Miño River Border
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The Disputed Border between Portugal and Spain in the Minho River
The Minho River (Miño) rises in Serra de Meira, in Galiza (Galicia, Spain), and it meets the Atlantic Ocean between A Guarda (Galiza) and Caminha (Portugal). Its total extension is 300 km. In the last 75 km it forms the border between the Portuguese Province of Minho and the Spanish Autonomous Region of Galiza.

This shows the river "seen" from the ocean to upriver. The Ínsua island, at the mouth, is no doubt Portuguese territory. The Boega island, on top, is
refered to in Portuguese documents.

(Source: http://www.riasbaixas.org/html/es/15/1/014-1.shtml)

Concerning the zone of the Minho River, the Treaty of Limits of 29 September 1864 established the border between Portugal and Spain in the deepest points of the riverbed (thalweg?). This solution would only have some usefulness in case the river it dried up - something unlikely in the zone of the estuary, since the medium limit of penetration of the tidewater goes up to 35 km from the river mouth.

Here you have some islands not shown in picture above. The border line
is not shown. The smaller island to the west of Ínsua is called Ínsua Nova (New Ínsua); I guess it belongs to Portugal too. Ínsua is now also called Ínsua Velha (Old Ínsua).

(Source: )
In 1906 it was made an addendum to the treaty, dividing among the two countries the waters of the river and respective small islands in the zone of the estuary, in agreement with the margins then existent.

Another view
of the mouth of Minho River.

(Source: http://www.manorhouses.com/ports/caminha.htm )

Along the years the configuration of the river shifted, mainly from middle of the XX century, due to the dams constructed upriver. It increased the sedimentation, there were formed new sandbanks, appeared some new islands and another disappeared. There was erosion in the riverbanks and there were islands that moved northwards. The dynamics of the rivers was again altered, since 1994, when begun the periodic dredging to allow the sailing of a new ferry between Caminha and O Pasaxe.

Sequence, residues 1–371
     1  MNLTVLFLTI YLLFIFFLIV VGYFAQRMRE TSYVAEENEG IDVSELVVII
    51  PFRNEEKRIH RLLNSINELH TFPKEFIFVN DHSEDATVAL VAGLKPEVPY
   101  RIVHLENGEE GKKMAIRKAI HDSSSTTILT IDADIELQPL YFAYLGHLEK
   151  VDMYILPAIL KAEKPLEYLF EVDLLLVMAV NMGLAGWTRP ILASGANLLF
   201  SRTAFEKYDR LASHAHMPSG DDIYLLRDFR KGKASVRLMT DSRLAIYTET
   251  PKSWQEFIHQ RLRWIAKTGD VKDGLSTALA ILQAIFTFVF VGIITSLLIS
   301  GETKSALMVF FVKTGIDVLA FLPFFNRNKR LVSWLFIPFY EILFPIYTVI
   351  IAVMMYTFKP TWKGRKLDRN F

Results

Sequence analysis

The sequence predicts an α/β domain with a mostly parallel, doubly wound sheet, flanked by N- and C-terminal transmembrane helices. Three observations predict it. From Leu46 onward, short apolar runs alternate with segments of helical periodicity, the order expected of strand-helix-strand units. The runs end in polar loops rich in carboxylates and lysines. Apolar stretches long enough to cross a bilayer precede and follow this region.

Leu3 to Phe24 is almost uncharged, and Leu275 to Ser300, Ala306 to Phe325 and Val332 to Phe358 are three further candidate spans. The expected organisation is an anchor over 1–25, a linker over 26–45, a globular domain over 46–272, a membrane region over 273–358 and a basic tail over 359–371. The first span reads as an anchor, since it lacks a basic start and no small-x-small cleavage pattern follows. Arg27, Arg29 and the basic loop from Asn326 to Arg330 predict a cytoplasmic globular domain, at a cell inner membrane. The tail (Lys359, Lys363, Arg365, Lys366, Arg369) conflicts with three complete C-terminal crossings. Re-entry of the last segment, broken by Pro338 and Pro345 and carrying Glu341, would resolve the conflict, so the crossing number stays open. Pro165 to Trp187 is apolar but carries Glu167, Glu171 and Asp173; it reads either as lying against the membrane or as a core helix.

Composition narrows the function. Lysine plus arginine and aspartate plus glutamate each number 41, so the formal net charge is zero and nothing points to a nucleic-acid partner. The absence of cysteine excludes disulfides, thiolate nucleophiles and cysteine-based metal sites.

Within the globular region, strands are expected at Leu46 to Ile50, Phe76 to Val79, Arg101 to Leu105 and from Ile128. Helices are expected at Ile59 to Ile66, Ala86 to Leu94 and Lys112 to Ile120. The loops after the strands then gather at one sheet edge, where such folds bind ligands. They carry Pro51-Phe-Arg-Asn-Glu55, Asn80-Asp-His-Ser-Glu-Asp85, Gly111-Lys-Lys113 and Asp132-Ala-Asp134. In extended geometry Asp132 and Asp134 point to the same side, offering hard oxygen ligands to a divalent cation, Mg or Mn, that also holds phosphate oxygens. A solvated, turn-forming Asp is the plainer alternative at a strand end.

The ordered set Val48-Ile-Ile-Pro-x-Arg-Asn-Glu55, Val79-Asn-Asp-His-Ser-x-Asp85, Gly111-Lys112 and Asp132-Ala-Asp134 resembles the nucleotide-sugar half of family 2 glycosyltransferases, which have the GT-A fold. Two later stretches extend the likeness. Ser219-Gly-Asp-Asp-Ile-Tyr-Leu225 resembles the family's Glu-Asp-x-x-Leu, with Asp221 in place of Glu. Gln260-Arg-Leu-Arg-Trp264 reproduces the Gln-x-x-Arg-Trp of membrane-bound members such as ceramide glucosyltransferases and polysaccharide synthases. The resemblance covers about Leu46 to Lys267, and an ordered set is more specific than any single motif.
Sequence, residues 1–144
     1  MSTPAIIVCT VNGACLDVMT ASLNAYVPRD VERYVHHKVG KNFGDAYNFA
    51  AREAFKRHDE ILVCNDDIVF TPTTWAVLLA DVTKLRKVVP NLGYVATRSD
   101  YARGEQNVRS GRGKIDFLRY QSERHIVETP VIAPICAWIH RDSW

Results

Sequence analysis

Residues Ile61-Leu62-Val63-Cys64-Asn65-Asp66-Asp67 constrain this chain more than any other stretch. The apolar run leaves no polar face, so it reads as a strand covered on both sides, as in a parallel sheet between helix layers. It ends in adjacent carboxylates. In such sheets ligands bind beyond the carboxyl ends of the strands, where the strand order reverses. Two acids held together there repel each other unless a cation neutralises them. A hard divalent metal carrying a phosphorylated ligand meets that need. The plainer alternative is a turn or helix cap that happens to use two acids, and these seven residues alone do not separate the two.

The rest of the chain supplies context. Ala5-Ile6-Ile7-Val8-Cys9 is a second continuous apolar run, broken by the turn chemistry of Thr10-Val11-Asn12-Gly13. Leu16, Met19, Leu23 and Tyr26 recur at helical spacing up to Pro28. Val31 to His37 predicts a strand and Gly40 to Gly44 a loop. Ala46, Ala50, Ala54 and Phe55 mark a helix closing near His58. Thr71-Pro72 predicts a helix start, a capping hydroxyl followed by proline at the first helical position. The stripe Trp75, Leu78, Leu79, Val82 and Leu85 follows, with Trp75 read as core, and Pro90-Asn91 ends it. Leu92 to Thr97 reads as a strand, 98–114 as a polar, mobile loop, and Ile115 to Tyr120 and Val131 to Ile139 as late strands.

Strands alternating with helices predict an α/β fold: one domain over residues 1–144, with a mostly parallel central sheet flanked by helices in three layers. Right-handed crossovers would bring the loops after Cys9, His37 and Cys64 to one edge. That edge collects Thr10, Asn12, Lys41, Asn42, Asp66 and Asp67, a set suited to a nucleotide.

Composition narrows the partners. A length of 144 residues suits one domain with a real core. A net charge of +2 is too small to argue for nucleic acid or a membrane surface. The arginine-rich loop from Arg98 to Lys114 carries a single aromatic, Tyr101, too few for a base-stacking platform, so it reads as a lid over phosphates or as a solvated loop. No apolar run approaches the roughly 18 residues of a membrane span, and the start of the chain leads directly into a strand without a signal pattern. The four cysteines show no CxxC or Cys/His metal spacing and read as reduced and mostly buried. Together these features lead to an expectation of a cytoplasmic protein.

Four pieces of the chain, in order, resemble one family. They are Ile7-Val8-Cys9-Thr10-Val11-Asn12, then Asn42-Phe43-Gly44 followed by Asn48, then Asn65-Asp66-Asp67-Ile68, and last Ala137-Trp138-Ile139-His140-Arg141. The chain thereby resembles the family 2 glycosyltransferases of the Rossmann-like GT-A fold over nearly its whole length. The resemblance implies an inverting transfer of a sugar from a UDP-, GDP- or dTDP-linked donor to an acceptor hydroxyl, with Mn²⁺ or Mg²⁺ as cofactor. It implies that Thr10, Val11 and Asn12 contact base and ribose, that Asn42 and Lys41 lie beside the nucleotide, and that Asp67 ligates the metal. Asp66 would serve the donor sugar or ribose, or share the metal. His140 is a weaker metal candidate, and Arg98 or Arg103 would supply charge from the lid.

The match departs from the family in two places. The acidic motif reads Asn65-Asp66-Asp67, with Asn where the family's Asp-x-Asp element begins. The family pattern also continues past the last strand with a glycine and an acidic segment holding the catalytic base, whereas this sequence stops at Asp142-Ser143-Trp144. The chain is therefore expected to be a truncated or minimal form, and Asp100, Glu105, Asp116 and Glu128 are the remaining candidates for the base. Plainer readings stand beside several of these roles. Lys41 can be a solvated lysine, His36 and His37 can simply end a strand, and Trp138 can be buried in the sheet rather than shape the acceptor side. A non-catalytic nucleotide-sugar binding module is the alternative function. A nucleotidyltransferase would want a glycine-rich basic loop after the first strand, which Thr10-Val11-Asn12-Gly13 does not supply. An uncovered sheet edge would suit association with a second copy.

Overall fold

In this photo
of the river mouth you see Ínsua and the sands of Ínsua Nova. Please notice the conic Sta. Tecla mountain in the Galician side.

(Source: http://www.erin.utoronto.ca/~eparra/profile/Other%20links.htm )

Nowadays the official Portuguese and Spanish maps no longer agree on the imaginary line of 1906 in the middle of the river, originating a dispute among the two countries for the ownership of the small islands of the estuary. According to the Spaniards, Portugal claims islands that are now on the north side of the original border line of 1906.

This shows the Minho
estuary and the river mouth seen from the Galician side towards the ocean. Sta. Tecla is in the background at right.

Source: http://es.geocities.com/ec3cec/page10.htm

The solution of this problem of sovereignty of the Minho islands has been postponed by the Portuguese and Spanish authorities. In the meanwhile, some islands have been used for farming and cattle rising. Other are tourist attractions for people who demand the riverside for leisure purposes. The Grande island, with 110,000 m2, seems to be the main litigation point between Portugal and Spain. The Galician municipality of Salvaterra de Miño intends to establish a nature park there.

guess this is seen from Sta. Tecla towards upriver.

Source: http://www.crtvg.es/ingles/natureza/priportadaflash.htm )

As above.

Source: http://www.crtvg.es/ingles/natureza/priportadaflash.htm )

Between Tui and Monção, is my scan from RV Reise- und Verkehrsverlag
GmbH; scale 1:300.000. Here the border line is not clearly set (this is a road map), but most islands seem to be on Portuguese side. The Grande island, referred in the text, is in this area.

etween Vila Nova de Cerveira and the sea, is also my scan from RV
Reise- und Verkehrsverlag GmbH; scale 1:300.000. Again, the border line is not clearly set and it is even over some islands. Ínsua islands are on Portuguese side, correctly.

The Minho estuary, is my scan from the road map of the Automóvel Club de Portugal; scale 1:350.000. The border line is not shown, but all the islands are on Portuguese side. Perhaps because it is a Portuguese map.

Text by Francisco Santos.

This page was last time updated 27/10/11 .